DB 1: A Strange Distrubution Of Scores – Article Example

The Distribution of Scores s Measures of variability show the extent to which the set of scores is spread out within a set of data. In the scenario provided in this case where the six students had similar scores, using the range alone would not be appropriate to show the spread of the data. The range might ignore much information because it only considers the highest and the lowest scores. In interpreting the data in the scenario, other measures of variability might be important in giving more information that would show the spread and dispersion of the data. Six students in the data received almost the same score thus clustering the scores around the median. During the interpretation of such a data set, it would be ideal and crucial for the instructor to compute the quartiles and the standard deviation to supplement the range. The interquartile range might be helpful in indicating dispersion within the data (Lane, 2014).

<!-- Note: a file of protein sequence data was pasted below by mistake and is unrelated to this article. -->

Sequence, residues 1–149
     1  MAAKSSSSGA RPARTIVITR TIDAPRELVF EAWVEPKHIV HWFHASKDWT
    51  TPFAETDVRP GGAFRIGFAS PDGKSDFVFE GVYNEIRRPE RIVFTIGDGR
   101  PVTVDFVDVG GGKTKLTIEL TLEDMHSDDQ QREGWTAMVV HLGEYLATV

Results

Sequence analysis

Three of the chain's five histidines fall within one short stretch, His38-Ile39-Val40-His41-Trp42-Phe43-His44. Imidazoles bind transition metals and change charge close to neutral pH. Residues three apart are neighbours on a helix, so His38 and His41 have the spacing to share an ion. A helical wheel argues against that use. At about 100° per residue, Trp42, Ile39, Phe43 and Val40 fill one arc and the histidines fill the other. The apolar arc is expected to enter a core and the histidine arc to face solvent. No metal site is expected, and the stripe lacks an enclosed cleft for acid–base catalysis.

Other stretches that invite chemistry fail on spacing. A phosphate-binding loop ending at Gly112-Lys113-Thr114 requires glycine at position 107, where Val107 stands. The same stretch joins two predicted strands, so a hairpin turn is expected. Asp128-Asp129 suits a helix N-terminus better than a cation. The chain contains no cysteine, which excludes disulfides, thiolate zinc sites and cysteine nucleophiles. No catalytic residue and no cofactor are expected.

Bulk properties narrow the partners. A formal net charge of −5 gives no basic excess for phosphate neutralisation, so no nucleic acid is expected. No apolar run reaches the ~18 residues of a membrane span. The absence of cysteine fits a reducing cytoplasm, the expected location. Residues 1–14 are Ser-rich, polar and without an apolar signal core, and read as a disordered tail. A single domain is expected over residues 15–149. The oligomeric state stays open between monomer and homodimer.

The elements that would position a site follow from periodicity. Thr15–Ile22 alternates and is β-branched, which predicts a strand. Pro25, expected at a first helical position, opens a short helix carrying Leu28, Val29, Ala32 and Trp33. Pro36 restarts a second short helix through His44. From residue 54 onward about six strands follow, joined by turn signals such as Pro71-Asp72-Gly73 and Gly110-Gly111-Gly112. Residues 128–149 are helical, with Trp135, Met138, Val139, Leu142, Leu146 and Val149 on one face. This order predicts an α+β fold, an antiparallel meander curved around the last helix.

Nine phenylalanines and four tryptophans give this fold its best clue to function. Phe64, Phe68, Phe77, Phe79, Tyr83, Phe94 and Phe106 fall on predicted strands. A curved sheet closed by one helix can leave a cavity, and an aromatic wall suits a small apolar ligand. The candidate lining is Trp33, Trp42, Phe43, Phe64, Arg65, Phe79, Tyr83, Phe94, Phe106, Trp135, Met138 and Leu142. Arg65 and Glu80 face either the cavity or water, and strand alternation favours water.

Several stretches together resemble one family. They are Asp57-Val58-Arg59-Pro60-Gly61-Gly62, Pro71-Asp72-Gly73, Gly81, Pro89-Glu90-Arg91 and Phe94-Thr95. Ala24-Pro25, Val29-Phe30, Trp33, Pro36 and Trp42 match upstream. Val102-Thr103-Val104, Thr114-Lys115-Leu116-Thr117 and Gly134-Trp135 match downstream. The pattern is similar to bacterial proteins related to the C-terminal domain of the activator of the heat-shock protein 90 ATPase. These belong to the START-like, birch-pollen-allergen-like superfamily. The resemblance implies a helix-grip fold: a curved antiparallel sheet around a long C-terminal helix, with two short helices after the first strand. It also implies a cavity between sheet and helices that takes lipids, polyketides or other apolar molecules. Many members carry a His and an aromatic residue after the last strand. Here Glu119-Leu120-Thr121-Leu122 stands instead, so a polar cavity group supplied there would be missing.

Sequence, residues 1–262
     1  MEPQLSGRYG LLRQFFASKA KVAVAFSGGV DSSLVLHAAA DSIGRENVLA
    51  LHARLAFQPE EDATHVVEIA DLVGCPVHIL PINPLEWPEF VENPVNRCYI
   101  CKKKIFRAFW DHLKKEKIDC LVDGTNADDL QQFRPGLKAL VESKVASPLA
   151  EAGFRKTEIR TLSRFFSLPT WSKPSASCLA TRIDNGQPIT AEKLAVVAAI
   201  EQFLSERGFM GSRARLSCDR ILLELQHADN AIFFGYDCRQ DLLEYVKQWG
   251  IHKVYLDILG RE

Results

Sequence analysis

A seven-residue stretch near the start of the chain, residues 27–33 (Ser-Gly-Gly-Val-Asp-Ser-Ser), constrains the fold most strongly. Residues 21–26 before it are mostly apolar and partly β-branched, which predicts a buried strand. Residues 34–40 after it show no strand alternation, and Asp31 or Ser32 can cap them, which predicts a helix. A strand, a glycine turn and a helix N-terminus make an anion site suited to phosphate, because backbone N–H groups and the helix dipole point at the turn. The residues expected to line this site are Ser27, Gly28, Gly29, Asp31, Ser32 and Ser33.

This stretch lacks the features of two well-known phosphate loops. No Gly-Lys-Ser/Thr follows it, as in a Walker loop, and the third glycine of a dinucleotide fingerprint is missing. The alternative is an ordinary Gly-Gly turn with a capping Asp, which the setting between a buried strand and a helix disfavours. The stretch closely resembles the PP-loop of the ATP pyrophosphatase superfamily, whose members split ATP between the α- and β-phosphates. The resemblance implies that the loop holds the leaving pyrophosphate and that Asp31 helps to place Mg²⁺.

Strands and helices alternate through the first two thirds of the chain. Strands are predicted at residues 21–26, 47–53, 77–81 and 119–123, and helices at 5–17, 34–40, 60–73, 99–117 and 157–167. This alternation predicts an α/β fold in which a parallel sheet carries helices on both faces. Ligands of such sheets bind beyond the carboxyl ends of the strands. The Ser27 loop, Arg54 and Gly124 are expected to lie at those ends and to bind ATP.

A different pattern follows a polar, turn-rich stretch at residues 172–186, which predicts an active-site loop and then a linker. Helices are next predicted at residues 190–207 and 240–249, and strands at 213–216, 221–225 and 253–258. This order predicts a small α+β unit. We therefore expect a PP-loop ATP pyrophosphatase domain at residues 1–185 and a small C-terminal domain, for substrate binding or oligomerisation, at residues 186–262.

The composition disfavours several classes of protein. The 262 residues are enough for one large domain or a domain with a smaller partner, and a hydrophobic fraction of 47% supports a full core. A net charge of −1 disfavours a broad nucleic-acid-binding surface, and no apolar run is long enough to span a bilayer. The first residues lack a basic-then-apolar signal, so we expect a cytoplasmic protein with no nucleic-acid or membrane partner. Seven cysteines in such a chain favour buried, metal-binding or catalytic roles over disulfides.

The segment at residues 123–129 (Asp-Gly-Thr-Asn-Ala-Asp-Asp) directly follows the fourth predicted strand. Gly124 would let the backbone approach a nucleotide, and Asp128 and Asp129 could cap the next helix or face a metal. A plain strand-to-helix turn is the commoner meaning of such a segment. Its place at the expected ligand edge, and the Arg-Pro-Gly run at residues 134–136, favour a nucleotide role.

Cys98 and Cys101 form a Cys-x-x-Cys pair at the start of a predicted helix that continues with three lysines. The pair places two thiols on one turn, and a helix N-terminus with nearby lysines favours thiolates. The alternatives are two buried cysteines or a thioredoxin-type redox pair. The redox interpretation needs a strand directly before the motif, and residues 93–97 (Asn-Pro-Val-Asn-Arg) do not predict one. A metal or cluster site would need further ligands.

It may be important because it spans 50 percent of the data set thus eliminating any outliers. While interpreting the data, the interquartile range may include the similar scores. Thus, helps give more information about the spread of the data. The standard deviation would be more informative for the data set because it summarizes the magnitude by which every value differs from the mean of the whole distribution. Interpretation of the data set would require all these measures of variability to make it more informative. However, the standard deviation would be an ideal measure because unlike the range and the quartiles, it considers every variable in the data (Lane, 2014). In this case, it will consider even the six similar scores in the data set.
Reference
Lane, D. (2014). Measure of Variability. Retrieved from Onlinestatbook.com: http://onlinestatbook.com/2/summarizing_distributions/variability.html